30. The court recognizes and credits testimony that termination of a Matrix distributor due to diversion is not a process that can be performed overnight. Instead, when L'Oreal contemplates termination of a distributor, it must first ensure that its customers have an alternate source of product.
31. Nonetheless, the court find that if L'Oreal wished to stop diversion of Matrix, products it could do so by identifying the source of the diverted products and exercising its contractual right to terminate distributors that sell large quantities of Matrix products to collectors or jobbers.
32. To the extent that L'Oreal engages in business with distributors that are not bound by a "professional sale only" contracts, L'Oreal has the ability to enter into such contracts. L'Oreal's unwillingness to enter into or exercise rights pursuant to distributor contracts is evidence of its failure to pursue seriously a "professional use only" policy.
33. The court finds that L'Oreal has not engaged in activities aimed at large scale termination of distributors so as to end the process of diversion.
34. L'Oreal employees testified at trial that the company was committed to maintaining the professional nature of the Matrix brand. For example, L'Oreal's Vice President and General Manager of the brand testified as to the marketing of Matrix products to professionals and the importance of maintaining the product's placement in that market.
35. Charles Domroe, L'Oreal's Director of Security, testified as to his commitment, over several years, to ending the diversion market and his monitoring of distributors so as to stop diversion.
36. The court finds such testimony to be completely at odds with the reality of L'Oreal's business.
37. In light of the fact that L'Oreal has known of the magnitude of the diversion market for several years, the court finds any claim that L'Oreal is serious about ending diversion of its product to be without credibility. Instead, the court finds that L'Oreal is content to enjoy the profits associated with diverted product, while paying "lip service" to the notion that they are interested in protecting the professional nature of the brand.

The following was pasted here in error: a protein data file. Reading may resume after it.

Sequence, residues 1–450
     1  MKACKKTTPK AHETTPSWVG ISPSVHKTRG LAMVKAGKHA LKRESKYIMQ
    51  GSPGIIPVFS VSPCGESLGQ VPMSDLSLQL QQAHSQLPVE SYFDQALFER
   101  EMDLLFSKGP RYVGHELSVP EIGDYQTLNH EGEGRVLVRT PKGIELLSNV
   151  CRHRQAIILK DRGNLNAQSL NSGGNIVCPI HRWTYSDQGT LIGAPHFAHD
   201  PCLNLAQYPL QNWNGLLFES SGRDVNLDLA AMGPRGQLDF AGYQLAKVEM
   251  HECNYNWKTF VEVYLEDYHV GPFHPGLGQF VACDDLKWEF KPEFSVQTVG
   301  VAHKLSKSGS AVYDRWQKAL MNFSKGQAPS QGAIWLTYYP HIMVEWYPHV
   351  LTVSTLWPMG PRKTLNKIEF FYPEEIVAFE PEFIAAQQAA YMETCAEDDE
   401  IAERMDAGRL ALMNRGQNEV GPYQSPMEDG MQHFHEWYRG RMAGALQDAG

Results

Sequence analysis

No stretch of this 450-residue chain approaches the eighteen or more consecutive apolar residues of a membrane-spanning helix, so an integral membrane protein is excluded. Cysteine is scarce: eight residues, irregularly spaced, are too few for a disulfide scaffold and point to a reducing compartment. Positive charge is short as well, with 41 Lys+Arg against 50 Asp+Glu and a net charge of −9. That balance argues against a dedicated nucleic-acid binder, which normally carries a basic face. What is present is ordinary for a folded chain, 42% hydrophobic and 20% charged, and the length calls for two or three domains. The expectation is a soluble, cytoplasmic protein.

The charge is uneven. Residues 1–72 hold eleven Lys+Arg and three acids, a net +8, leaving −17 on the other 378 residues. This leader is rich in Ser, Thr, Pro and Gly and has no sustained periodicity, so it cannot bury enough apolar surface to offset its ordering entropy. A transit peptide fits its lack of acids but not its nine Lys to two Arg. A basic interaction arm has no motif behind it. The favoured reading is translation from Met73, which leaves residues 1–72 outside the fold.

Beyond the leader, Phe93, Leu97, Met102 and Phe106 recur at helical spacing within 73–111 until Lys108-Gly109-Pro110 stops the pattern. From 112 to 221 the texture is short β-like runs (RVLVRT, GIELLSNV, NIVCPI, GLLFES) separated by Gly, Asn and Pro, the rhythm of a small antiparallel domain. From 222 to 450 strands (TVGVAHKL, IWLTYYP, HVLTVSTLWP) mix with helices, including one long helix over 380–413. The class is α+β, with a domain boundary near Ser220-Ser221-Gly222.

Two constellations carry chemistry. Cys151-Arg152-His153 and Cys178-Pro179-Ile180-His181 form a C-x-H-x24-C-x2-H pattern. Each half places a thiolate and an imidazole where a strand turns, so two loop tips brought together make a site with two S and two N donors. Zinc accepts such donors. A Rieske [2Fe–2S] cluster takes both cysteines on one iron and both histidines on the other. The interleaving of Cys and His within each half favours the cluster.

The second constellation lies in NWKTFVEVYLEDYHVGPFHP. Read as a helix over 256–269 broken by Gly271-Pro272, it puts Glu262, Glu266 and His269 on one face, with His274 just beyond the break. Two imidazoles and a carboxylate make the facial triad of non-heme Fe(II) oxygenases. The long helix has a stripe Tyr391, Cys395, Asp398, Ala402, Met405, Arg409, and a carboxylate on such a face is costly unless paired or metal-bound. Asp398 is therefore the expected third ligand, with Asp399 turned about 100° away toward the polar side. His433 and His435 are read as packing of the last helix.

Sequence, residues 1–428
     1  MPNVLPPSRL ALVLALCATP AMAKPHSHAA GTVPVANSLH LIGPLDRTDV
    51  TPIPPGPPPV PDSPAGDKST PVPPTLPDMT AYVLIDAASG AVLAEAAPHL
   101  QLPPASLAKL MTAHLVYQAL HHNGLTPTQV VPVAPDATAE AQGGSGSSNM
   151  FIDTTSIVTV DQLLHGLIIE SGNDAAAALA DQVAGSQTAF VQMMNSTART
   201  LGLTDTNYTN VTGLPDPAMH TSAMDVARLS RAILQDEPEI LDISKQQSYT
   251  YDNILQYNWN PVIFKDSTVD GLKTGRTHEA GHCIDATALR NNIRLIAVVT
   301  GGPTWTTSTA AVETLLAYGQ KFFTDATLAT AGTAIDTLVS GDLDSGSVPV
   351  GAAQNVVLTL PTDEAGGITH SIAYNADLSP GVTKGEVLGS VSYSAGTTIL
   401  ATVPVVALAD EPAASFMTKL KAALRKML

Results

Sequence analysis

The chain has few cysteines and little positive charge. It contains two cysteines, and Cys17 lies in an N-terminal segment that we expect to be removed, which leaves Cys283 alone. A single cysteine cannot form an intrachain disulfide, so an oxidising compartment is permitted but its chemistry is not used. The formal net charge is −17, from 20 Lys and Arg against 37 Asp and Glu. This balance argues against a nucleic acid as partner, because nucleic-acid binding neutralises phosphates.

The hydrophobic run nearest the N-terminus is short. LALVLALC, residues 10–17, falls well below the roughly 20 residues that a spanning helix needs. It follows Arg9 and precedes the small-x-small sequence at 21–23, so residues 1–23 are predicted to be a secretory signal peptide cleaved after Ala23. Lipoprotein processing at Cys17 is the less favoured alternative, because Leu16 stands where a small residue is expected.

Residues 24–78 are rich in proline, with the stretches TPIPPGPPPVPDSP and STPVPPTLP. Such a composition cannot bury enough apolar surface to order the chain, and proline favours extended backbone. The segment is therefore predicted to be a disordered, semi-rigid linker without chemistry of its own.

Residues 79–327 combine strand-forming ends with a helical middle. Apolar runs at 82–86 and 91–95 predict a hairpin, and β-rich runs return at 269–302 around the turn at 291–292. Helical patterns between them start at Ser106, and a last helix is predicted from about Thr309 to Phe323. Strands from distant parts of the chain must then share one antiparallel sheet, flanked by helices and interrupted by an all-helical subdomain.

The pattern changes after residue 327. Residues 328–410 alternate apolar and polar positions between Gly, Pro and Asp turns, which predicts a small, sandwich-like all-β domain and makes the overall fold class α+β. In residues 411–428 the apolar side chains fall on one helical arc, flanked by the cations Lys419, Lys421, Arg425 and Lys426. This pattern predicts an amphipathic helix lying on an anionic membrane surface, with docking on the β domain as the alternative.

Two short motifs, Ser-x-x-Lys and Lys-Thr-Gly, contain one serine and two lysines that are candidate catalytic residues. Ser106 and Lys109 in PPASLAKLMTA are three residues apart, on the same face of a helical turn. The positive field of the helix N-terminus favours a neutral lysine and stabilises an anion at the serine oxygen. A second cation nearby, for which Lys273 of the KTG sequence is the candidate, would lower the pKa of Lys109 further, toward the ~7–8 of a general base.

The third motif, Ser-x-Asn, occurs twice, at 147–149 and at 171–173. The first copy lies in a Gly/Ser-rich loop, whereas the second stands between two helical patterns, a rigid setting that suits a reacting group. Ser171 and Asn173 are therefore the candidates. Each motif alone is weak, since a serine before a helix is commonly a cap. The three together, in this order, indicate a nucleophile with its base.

V. L'Oreal's Knowledge of the Sale of Matrix by Pro's Choice

38. Beginning in 2002, Pro's Choice began, and continues to date, to distribute hair care products, sold under the Matrix brand name. Such products have been distributed by Pro's Choice to large retail stores for sale to the general public, including Target stores.
39. Matrix products sold by Quality King and/or Pro's Choice to retail sales outlets were neither expired, adulterated or anything other than genuine Matrix products.
40. L'Oreal first became aware of the possibility that Quality King and/or 476 Pro's Choice was selling Matrix product in August of 2002.
41. L'Oreal did not move for an order of contempt in this action until June of 2004.
42. Instead of seeking court enforcement of the 1990 Injunction immediately upon obtaining knowledge of a possible violation, L'Oreal engaged in a series of maneuvers aimed at involving Federal law enforcement in their quest to stop Quality King and Pro's Choice from engaging in the sale of Matrix products.
43. L'Oreal's attempt to involve federal law enforcement in this matter included arranging for meetings to be attended by representatives of the United States Attorney's Office, the FBI, and L'Oreal's current outside counsel. Such meeting;; were aimed at convincing the federal office to bring criminal charges against Quality King and Pro's Choice for distributing Matrix products in alleged violation of the 1990 Injunction.
44. L'Oreal's attempt to convince federal officials to commence criminal proceedings included sending a proposed criminal indictment, drafted by L'Oreal's outside counsel (a former federal prosecutor), to be used in a federal criminal action. In addition to charging criminal contempt for violation of the 1990 Injunction, the proposed indictment set forth criminal mail and wire fraud violations as predicate acts in furtherance of an alleged criminal violation of the RICO statute. The draft indictment refers to a pattern of selling "illegally diverted and counterfeit" product. Acts supporting such claims were allegations of shipments of product in alleged violation of the 1990 Injunction.